First things first – yes, the print industry is fading – and while many people will tell you this means you don’t need to focus on pitching to magazines and trade outlets, they would be very wrong. Trade publications and industry magazines are still going strong. Additionally, with the growth of digital editions and 24-hour news cycles, contributed articles are often welcomed by editors to supplement editorial placements and provide companies a chance to position their subject matter experts as thought leaders in specific fields or industries.
What does it take to be an account manager today? What skills and knowledge are necessary, and how have they shifted over time? Client service has definitely evolved from what it was 10 years ago. There are more ways of building a brand and reaching audiences. While we used to be fairly limited to traditional outlets like television, print, radio and outdoor campaigns, the digital explosion has created exponentially more opportunities to communicate with customers. This landscape has upped the marketing game, and we are seeing a lot of new possibilities. The fundamental role that account managers play hasn’t changed. Building trust with clients, having a sense of leadership and looking at a client’s business from strategic perspectives are still necessary, but the means of doing those and what clients expect from them have changed. The challenge for account managers is how to make themselves more valuable experts in today’s digital world.
In 2013, Triumph Bancorp finalized its acquisition of THE National Bank, a retail bank with 18 locations in Iowa, Illinois and Wisconsin. The company’s ability to engage with employees around the name and brand change was the single most important initiative the company undertook during the transition. Not only did the bank need employees and staff to know about the changes but it also needed them to deliver a brand experience that instilled confidence in customers.
For some time now, people have been spreading an ugly lie about website development. You’ve probably heard it as many times as I have, although maybe you didn’t know that it’s untrue. They say, “Content is king.” Don’t believe them. While content is important – it keeps people engaged with your brand and helps them learn more about you, your products and your services – it simply should not be the ultimate brass ring of your website efforts. In fact, content is only a means to an end.
The true king of all is conversions.
While business results are the single most important measure of our success, we do admit that we get excited about awards around here. It is always nice to be recognized, and we have lots and lots of beautiful trophies that we proudly display just outside our conference room.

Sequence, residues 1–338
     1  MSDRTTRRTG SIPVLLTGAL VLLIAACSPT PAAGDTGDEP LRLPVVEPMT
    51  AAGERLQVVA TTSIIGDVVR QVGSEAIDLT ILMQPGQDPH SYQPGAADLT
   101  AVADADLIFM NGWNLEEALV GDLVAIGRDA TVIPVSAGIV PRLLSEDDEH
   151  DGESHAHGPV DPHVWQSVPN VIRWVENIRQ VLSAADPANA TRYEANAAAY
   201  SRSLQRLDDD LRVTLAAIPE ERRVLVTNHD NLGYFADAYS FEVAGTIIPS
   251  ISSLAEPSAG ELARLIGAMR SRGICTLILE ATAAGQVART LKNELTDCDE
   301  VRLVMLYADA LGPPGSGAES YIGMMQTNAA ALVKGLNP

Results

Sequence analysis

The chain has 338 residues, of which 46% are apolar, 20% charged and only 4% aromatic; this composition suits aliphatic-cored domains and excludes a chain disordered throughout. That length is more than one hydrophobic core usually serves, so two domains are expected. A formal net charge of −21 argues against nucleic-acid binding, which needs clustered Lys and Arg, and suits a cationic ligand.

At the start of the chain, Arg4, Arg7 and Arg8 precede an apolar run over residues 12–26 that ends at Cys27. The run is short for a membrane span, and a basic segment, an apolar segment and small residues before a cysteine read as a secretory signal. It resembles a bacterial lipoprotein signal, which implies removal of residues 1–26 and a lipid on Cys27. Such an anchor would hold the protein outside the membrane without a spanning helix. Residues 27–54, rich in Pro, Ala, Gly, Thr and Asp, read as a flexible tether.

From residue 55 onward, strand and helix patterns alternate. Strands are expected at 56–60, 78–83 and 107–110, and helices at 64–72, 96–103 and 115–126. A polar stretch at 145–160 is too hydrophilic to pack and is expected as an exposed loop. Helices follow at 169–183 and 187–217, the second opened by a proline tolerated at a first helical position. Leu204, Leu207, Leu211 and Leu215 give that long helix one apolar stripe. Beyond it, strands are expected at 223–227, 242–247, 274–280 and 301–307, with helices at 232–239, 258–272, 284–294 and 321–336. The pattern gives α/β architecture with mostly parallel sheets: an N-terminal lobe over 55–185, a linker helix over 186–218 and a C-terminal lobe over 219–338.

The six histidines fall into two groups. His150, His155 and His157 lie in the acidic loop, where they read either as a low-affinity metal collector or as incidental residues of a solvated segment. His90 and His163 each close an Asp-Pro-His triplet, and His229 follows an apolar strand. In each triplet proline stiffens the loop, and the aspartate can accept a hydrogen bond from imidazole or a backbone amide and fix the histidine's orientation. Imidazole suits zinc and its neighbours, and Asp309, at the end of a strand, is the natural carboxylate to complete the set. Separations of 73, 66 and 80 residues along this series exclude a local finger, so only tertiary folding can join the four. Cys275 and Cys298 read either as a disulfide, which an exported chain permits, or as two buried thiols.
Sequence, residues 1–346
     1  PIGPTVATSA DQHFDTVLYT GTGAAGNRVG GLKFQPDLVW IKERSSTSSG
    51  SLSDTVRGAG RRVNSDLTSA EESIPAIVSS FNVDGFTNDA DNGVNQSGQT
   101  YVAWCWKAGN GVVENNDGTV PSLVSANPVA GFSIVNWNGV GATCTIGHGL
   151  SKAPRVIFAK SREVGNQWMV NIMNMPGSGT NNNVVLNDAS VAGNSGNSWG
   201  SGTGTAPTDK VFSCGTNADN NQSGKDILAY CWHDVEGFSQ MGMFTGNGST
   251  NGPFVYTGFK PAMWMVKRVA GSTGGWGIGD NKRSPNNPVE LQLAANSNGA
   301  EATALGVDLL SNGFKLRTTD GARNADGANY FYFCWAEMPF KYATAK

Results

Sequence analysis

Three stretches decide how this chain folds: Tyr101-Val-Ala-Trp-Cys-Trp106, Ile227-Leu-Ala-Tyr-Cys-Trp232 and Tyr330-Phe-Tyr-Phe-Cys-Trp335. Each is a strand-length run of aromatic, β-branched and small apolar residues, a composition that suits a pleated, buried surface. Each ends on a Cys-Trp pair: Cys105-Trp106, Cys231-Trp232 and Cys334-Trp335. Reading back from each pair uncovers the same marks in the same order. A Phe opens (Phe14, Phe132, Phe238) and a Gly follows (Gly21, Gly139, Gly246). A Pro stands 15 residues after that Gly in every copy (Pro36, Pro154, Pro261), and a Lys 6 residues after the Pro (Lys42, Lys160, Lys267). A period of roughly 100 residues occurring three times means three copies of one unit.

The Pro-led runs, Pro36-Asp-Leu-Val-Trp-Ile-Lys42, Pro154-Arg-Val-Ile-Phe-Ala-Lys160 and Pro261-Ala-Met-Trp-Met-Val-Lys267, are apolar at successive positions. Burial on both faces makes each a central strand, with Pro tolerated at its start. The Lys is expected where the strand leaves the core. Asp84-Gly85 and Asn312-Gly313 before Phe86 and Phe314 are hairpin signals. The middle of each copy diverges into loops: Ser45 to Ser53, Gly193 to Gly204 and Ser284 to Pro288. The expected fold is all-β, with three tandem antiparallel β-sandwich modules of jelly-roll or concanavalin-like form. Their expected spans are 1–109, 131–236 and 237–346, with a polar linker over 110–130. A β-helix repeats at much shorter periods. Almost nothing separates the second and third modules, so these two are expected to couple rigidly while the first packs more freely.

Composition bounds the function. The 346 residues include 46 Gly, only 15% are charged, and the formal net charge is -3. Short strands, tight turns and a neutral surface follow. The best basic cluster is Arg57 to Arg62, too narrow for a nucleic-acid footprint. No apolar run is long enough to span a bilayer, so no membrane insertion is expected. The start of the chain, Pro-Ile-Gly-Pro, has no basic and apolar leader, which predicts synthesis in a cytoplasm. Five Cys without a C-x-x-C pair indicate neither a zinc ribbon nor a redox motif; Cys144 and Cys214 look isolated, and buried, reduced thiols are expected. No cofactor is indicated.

We’re all familiar with the phrase “the customer is always right,” but when it comes to client/agency relationships, this motto shouldn’t always apply.
At M/C/C, we pride ourselves on being great consultants because, after all, that’s what our clients hire us for. In our 30 years of business, we’ve always been committed, first and foremost, to our clients’ success. With every recommendation we make and every action we take, we keep our clients’ business and marketing objectives in focus.
There are times, however, when we may disagree with our clients in an effort to get the best results. It’s what we consider the method to our madness.
By now, social media managers can unanimously agree that companies should use a filter when it comes to social media posts. We’ve all seen the brand that focuses all of their effort on promoting their own company. After all, these are outbound marketing channels. Why not use them as a way to share the latest marketing material and company updates?
The answer is simple: because your audience gets bored if every social post has the same type of content – especially if every post feels like an ad.
As tempting as it may be, companies should steer clear of posting solely about themselves on their social media channels. Don’t fear – there’s a time and place for promotional material, but every brand needs balance, and our social balance comes in thirds.
A solid foundation is key to a successful digital campaign. Don’t be fooled into thinking that simply buying digital space, running an ad and posting on social media will create a desired result. In order to optimize the effectiveness of any campaign, advertisers need to specify objectives, determine metrics, develop creative that will execute against the objectives and include means for the audience to act. And don’t forget important details like strategic and tactical media planning, proper tagging and ongoing analysis and maintenance. Point being, the world’s best digital campaigns have a lot of moving parts.
In March, M/C/C sent a team of five to SXSW Interactive. We showed up in Austin, Texas on Friday afternoon wide-eyed with anticipation. From the moment we hit traffic, we could sense what was in store. As we inched along the highway, we pointed out a giant buffalo, tents packed into every corner, people walking around with totes we just had to find.
We made our way through registration, countless sessions and a plethora of brand activations. It was a four-day-whirlwind, filled to the brim with as much as we could possibly experience.
Last month, a few of my colleagues and I ventured down to Austin, TX for SXSW. After attending countless sessions, eating my own weight in tacos and jalapeño-laced food, and walking a little over 30 miles in five days, I’m back in my office mulling over all that I learned. The most important lessons were about common data analysis and visualization mistakes and how to avoid them.